Pest control (both animal and plant), fire control, erosion control, and water management are among the many issues afflicting these properties

This reform process runs parallel with the overhaul of the Resource Management Act, and the Bill’s new sponsor, Agriculture Minister Damien O’Connor,

He also said he wanted greater certainty about public access rights, and a supplementary order paper to amend the Bill was being prepared.

Mr O’Connor was at pains to stress that little would change for leaseholders, but farmers — and opposition MPs for that matter — remain to be convinced.

The committee stage of the Bill, when Parliament finally reaches that point, is poised to be a lengthy and bruising battle.

Lock the doors

Parliament is due to resume sitting next week, although Covid-19 will have the final say about that.

Act made its assumptions about the Friday Cabinet decision about whether to persist with the nationwide Alert Level 4 status long before, calling for the epidemic response select committee to be reinstated.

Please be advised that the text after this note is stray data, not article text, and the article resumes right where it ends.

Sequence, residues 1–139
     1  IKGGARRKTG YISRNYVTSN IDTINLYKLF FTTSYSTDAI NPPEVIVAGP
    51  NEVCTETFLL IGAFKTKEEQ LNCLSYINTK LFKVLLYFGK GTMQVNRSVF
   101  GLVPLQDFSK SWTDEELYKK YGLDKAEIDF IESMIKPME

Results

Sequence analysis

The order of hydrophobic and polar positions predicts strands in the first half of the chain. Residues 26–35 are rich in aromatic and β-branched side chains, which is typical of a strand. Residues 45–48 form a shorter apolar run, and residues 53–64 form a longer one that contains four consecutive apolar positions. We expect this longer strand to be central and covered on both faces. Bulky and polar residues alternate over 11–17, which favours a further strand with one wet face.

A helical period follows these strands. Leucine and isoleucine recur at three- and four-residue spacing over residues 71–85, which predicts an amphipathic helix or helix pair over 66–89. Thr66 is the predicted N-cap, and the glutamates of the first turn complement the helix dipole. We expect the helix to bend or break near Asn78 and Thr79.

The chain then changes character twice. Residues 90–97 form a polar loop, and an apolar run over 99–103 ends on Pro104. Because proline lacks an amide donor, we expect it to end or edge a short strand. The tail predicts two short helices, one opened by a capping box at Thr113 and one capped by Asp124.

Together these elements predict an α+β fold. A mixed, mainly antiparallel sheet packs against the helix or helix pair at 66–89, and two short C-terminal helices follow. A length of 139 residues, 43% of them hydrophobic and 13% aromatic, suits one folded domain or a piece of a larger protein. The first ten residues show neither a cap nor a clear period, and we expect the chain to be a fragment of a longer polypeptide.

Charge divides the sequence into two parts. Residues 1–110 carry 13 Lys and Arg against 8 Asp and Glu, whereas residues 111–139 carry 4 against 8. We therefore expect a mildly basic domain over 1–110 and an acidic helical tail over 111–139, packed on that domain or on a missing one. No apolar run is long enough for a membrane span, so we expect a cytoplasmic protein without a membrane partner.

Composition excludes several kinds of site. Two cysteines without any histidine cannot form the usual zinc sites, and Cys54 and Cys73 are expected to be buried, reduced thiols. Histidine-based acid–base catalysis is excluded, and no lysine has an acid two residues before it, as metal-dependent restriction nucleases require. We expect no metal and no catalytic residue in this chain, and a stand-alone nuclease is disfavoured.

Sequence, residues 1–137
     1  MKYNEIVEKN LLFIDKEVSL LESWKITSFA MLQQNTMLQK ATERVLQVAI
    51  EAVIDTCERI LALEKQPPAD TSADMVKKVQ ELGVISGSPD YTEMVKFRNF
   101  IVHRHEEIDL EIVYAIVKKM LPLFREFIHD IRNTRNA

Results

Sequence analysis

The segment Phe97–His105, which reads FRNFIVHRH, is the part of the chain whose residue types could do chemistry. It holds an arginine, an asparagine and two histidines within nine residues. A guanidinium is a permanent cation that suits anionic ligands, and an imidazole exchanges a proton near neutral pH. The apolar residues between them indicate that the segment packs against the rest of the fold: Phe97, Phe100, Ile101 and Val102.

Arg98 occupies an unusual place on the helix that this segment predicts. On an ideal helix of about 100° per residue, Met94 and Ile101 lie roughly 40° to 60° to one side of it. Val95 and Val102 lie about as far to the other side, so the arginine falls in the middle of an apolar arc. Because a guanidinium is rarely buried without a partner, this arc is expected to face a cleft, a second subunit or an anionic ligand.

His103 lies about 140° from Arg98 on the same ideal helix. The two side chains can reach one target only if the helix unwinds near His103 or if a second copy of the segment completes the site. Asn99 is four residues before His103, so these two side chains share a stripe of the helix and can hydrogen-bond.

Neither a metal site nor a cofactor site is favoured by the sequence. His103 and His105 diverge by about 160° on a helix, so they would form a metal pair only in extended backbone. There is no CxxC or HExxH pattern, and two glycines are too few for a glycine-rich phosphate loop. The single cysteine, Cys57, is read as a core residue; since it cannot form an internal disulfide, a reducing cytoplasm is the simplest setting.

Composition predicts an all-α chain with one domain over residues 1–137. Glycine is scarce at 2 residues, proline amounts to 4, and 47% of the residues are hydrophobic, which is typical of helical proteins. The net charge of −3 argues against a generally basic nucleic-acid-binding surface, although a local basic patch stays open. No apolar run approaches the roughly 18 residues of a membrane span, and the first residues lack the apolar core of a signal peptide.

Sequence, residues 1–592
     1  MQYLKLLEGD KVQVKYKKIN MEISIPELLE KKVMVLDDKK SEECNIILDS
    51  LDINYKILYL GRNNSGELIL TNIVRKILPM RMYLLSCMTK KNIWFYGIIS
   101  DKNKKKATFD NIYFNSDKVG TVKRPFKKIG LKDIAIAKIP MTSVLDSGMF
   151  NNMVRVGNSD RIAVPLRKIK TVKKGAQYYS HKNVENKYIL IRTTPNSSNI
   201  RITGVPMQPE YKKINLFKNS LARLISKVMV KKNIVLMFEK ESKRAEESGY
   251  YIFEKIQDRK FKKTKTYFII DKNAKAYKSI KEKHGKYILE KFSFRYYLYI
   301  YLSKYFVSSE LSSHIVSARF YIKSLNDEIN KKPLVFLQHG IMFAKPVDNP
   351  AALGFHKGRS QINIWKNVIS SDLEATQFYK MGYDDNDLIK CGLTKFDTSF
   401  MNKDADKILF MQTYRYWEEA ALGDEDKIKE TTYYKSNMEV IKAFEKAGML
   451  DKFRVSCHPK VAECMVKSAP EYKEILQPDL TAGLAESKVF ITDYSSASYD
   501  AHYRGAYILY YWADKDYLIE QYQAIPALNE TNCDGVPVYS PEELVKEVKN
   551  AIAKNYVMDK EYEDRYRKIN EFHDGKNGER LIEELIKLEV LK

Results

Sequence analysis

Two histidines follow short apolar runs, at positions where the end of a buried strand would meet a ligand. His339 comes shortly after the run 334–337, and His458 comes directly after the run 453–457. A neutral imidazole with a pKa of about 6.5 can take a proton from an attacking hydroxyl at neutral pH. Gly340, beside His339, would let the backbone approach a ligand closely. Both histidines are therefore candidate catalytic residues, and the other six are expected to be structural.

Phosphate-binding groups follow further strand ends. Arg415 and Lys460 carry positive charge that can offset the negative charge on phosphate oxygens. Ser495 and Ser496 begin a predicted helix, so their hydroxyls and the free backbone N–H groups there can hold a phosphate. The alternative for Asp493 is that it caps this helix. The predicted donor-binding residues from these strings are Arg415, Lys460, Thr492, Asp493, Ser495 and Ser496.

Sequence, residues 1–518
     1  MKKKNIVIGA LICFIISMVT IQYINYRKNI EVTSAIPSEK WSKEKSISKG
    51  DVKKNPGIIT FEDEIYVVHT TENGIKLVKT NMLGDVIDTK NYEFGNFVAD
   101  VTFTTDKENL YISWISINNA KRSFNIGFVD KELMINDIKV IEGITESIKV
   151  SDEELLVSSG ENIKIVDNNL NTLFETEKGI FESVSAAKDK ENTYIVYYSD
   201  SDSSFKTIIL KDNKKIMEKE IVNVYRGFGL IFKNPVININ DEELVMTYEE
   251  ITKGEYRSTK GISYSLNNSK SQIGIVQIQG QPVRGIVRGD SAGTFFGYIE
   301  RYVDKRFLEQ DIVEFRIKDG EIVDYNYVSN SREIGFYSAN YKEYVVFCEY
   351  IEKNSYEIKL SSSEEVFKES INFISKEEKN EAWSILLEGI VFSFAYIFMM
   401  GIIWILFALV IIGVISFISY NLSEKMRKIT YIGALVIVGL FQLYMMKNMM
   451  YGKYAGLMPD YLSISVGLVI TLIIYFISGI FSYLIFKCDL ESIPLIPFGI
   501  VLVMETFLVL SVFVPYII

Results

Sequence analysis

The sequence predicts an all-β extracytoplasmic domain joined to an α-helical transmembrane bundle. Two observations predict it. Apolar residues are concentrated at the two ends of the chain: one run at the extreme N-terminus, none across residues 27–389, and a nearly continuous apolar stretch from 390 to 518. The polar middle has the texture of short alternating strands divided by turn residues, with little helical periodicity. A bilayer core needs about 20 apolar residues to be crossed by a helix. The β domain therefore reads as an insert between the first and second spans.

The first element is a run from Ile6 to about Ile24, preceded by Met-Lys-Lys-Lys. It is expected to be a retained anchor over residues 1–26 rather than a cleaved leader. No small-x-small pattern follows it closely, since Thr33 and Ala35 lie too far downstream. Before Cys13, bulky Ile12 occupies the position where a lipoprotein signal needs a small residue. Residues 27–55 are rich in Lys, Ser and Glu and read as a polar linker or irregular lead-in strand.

The committee did some valuable work in its first incarnation and could conceivably do so again, but the Government has more pressing issues.

Under the Covid-19 Public Health Response Act the minister can make, and recently has, a range of orders, but they are revoked unless the House of Representatives subsequently approves them.

The House has to give its say so either after 10 sitting days after the date the order was made, 60 days after the order was made, or any other period specified by a resolution of the House, whichever is longer.

So, there is a fair amount of leeway available should Delta make the summoning of Parliament problematic, but Labour will not wish to govern without sanction of its action for long.

However, that is entirely up to the vagaries of a virus which has no respect for legislative requirements.

mike.houlahan@odt.co.nz

 

Comments

"Wellington-based Department of Conservation would be a better guardian of these rugged landscapes"
Let's consider that for a moment.
Are they the same people that use an Electric Vehicle on an island that is supplied electricity from diesel generators?
What is their track record of controlling possums, deer, thar and wallaby?
Have they made sure all disused dump sites on their land will not be eroded by nearby rivers?